ILS instruments have a “greater role to play” as reinsurers restrict catastrophe coverage
Following multiple years of large catastrophe (cat) losses, reinsurers are raising prices and pulling back cat reinsurance coverage. This puts the cat bond market in a favourable position to provide the large amount of risk capital needed to cover the most damaging global catastrophes, according to a report from DBRS Morningstar.
It expects a moderate decrease in cat bond issuances in H1 2023 following the rapid rise in interest rates. However, sustained demand for cat risk transfer should support a return to the trend of strong volume growth observed in the last 20 years.
“While P&C insurers have generally performed well in recent years, catastrophe experience has been challenging for the industry as 2022 marked the second consecutive year where global catastrophe insured losses exceeded $100 billion,” said Patrick Douville, vice president, Insurance.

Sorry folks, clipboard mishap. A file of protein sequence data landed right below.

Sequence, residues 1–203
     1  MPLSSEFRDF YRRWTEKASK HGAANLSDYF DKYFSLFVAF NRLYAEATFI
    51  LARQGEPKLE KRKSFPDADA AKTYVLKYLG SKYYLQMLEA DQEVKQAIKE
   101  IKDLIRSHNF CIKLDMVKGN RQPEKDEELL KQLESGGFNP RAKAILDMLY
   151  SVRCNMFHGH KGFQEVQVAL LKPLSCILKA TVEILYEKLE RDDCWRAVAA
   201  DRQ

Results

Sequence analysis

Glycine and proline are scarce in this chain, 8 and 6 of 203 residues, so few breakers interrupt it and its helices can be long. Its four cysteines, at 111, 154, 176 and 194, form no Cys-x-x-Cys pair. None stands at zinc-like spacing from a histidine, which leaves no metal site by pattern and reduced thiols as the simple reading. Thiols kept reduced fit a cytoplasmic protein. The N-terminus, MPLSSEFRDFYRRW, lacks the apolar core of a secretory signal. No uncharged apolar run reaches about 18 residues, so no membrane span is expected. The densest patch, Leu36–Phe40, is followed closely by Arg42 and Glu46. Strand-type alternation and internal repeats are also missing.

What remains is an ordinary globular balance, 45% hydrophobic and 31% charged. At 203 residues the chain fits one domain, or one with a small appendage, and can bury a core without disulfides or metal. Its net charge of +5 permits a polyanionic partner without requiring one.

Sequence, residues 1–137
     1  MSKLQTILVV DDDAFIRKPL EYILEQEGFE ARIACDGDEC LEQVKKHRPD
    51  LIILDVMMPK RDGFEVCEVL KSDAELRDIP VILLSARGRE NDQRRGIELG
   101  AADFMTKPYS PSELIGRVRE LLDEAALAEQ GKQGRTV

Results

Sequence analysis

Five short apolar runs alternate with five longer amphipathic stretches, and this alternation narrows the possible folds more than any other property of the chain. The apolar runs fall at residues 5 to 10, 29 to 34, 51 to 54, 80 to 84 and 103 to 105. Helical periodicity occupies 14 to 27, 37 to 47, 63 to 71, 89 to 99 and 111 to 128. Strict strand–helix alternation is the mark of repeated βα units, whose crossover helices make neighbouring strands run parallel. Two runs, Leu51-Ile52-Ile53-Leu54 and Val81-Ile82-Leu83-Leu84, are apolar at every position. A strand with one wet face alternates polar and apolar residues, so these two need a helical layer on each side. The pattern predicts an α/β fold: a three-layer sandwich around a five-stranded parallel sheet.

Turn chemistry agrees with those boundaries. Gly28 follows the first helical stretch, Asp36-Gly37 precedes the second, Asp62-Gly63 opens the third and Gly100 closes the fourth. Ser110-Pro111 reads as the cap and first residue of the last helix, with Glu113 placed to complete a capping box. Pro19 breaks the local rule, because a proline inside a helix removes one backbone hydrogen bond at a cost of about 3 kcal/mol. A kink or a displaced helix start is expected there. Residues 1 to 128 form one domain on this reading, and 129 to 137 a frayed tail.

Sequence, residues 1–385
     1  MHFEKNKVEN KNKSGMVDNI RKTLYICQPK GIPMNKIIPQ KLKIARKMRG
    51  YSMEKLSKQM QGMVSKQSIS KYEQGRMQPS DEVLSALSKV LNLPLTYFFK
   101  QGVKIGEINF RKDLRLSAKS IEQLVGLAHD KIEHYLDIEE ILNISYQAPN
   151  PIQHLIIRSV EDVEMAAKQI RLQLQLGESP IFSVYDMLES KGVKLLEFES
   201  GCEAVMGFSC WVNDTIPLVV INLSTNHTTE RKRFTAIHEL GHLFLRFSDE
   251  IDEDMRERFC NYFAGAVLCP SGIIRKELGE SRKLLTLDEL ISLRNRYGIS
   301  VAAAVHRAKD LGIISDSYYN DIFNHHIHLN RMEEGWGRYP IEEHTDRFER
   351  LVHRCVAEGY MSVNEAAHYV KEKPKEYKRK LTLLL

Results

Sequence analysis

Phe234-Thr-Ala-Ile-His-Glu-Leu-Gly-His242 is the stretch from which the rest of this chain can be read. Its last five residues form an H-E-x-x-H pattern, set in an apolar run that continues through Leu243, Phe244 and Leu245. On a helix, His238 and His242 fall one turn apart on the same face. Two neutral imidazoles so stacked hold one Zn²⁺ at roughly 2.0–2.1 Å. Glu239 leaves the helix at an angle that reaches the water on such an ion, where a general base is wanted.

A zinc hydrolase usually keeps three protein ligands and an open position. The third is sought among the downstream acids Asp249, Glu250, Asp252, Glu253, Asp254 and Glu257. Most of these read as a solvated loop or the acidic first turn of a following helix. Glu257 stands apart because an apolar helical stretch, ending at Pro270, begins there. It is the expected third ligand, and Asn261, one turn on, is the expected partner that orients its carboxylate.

”Most reinsurers have responded by substantially increasing rates for cat coverage, with some going even further and reducing exposure to problematic lines.
”In this context, cat bonds and other alternative risk transfer instruments may have a greater role to play going forward as reinsurers restrict coverage and additional sources of risk absorbing capital are needed.”
Despite the uncertain issuance environment going into 2023 with rising interest rates, cat bonds are expected to continue to absorb a growing share of the cat risk over time as traditional reinsurers are unwilling or unable to provide the capacity needed by direct writers.
Cat bonds have become a popular medium of transferring catastrophe risk given their advantages in current environmental and economic conditions.
In addition to opening up a new source of capital to help mitigate high claim payouts, cat bonds have also allowed insurers to obtain reinsurance coverage in a flexible and transparent way.
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